The Washington PostDemocracy Dies in Darkness

5 people killed this week in D.C. shootings, as lawmakers focus on city crime

The shootings occurred from Tuesday night to Friday morning in Southeast and Southwest Washington, police said

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Five people younger than 25 years old were fatally shot in less than four days this week, according to D.C. police, as homicides in the District continue to surpass last year’s deadly pace.

Traev’on Green, 16, was killed Tuesday night at 22nd Street and Alabama Ave. SE, police said.

Jalen Dyer, 21, and Tariq Richardson, 20, were killed Wednesday evening in the 4300 block of Third Street SE.

A day later, around 7:45 p.m. Thursday, 21-year-old Kristian Steward was shot and killed in the unit block of Galveston Street SW.

And in the early hours of Friday morning, 24-year-old Stephon Carroll was fatally shot in the 4400 block of E Street SE.

By Friday afternoon, police had yet to make an arrest in any of the killings or provide insight into the circumstances of the attacks. Dustin Sternbeck, a D.C. police spokesman, said the department is exploring whether any of the shootings are connected.

The deadly violence this week came as lawmakers on the House Oversight Committee prepare for a Wednesday hearing on crime and public safety in the nation’s capital. The hearing is expected to focus broadly on D.C.'s approach to reducing violent crime, with the committee chairman saying that “radical left-wing policies have led to a crime crisis” in the city.

Crime in D.C. has been top of mind for federal lawmakers in recent weeks. On March 8, the Senate voted to block the overhaul of D.C.'s criminal code — marking the first time in more than 30 years that Congress opted to overturn local legislation — in part over concerns that the measure lowered the statutory maximum penalties for violent crimes, including carjacking. Then, House Republicans took aim at the city’s policing reform bill, which was crafted in the aftermath of the police murder of George Floyd in Minneapolis in 2020 and finalized in January.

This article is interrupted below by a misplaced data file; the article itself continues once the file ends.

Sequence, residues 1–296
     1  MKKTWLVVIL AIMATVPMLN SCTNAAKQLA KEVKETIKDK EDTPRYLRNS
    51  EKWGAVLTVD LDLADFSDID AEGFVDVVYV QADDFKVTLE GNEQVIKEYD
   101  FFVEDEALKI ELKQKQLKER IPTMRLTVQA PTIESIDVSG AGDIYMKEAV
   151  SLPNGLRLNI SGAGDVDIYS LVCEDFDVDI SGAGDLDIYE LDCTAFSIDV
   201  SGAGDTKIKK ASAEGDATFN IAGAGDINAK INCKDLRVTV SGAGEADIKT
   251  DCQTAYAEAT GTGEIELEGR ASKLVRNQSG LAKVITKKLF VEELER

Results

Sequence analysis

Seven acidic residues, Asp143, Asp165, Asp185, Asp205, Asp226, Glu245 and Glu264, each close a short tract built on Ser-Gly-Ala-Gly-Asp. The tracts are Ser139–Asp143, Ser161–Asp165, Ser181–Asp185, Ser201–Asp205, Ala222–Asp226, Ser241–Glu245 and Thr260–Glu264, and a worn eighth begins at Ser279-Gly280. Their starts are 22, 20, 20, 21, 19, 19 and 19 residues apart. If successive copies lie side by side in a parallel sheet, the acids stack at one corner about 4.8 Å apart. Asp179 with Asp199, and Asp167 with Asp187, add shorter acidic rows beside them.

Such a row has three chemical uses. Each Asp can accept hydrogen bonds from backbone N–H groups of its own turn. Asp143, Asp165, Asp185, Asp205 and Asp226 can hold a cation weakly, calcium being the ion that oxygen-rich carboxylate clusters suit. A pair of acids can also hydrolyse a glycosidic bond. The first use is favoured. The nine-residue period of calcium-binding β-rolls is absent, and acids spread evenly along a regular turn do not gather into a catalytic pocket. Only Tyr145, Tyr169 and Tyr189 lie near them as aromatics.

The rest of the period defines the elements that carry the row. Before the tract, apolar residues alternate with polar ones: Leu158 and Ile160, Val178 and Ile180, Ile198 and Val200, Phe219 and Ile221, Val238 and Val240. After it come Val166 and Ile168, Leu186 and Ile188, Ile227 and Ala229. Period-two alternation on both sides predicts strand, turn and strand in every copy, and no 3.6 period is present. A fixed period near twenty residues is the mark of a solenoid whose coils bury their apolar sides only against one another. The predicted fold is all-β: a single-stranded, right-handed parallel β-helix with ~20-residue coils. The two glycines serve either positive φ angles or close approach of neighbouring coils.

Property crime in D.C. is up 27 percent compared with the same time last year, driven largely by a surge in car thefts. Over that same period, violent crime has fallen by 2 percent but remained higher in some categories compared with pre-pandemic levels.

Homicides, in particular, have continued to climb. As of Friday, homicides in the District were up 19 percent compared with the same time last year, when the city surpassed 200 killings for only the second time in nearly two decades.

Before Dyer was killed Wednesday night, his uncle said he was in the process of finishing his final high school credit at Ballou STAY Opportunity Academy — an alternative school that allows students who struggled in traditional classrooms to get their high school diplomas and vocational training

Kevin Dyer described his nephew as a playful and loving young man devoted to his family, who at times hung around the “wrong crowd.” He was killed, according to his uncle, near where he grew up in D.C.

“If he had the chance to come back and see everyone, I believe he would come back and give everybody a big hug and tell them how much he loves them, especially his siblings,” said Kevin Dyer, a 45-year-old food services employee with D.C. Public Schools. “They were a very close family.”

Jalen Dyer was also about to become a father, his uncle said, and had a gender-reveal event scheduled for April 1.

Instead, Jalen Dyer’s girlfriend canceled the event, Kevin Dyer said, and told their family what they were expecting: A boy.

Efforts to reach the families of Richardson, of Temple Hills, Md.; Stewart, of Concord, N.C.; and Green, of Southeast Washington, were not successful. Carroll’s grandmother, reached by phone, declined to speak about her grandson, also of Southeast Washington.

Alice Crites, Meagan Flynn and Lauren Lumpkin contributed to this report.